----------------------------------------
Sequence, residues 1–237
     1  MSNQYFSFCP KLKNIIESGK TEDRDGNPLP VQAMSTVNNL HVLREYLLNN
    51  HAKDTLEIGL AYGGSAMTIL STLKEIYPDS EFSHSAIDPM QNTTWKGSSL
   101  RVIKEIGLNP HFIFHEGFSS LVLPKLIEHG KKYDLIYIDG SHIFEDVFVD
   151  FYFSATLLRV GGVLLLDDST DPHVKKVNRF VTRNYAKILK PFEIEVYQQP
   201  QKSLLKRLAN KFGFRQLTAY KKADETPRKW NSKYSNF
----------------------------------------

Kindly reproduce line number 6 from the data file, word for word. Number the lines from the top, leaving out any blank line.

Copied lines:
   201  QKSLLKRLAN KFGFRQLTAY KKADETPRKW NSKYSNF